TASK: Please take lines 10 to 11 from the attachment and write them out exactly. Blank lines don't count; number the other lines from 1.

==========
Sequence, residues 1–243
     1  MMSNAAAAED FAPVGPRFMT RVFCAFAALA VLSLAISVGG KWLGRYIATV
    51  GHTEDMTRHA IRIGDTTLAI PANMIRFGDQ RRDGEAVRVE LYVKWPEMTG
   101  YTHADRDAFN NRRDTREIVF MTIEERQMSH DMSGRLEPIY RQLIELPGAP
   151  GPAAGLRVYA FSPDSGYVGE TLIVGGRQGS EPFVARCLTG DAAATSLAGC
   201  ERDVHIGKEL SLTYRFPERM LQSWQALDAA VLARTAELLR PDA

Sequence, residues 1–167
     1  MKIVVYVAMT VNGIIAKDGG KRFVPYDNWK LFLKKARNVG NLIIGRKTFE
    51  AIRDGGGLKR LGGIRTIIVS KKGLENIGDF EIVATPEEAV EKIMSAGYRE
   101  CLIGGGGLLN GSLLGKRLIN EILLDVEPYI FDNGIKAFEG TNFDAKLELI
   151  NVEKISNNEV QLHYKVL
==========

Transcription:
   101  CLIGGGGLLN GSLLGKRLIN EILLDVEPYI FDNGIKAFEG TNFDAKLELI
   151  NVEKISNNEV QLHYKVL